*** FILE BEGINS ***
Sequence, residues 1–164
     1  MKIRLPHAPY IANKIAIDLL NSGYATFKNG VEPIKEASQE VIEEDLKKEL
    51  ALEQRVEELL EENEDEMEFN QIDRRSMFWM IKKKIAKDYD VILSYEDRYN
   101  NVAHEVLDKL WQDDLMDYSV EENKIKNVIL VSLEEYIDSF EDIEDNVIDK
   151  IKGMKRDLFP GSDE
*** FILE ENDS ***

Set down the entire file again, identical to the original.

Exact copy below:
Sequence, residues 1–164
     1  MKIRLPHAPY IANKIAIDLL NSGYATFKNG VEPIKEASQE VIEEDLKKEL
    51  ALEQRVEELL EENEDEMEFN QIDRRSMFWM IKKKIAKDYD VILSYEDRYN
   101  NVAHEVLDKL WQDDLMDYSV EENKIKNVIL VSLEEYIDSF EDIEDNVIDK
   151  IKGMKRDLFP GSDE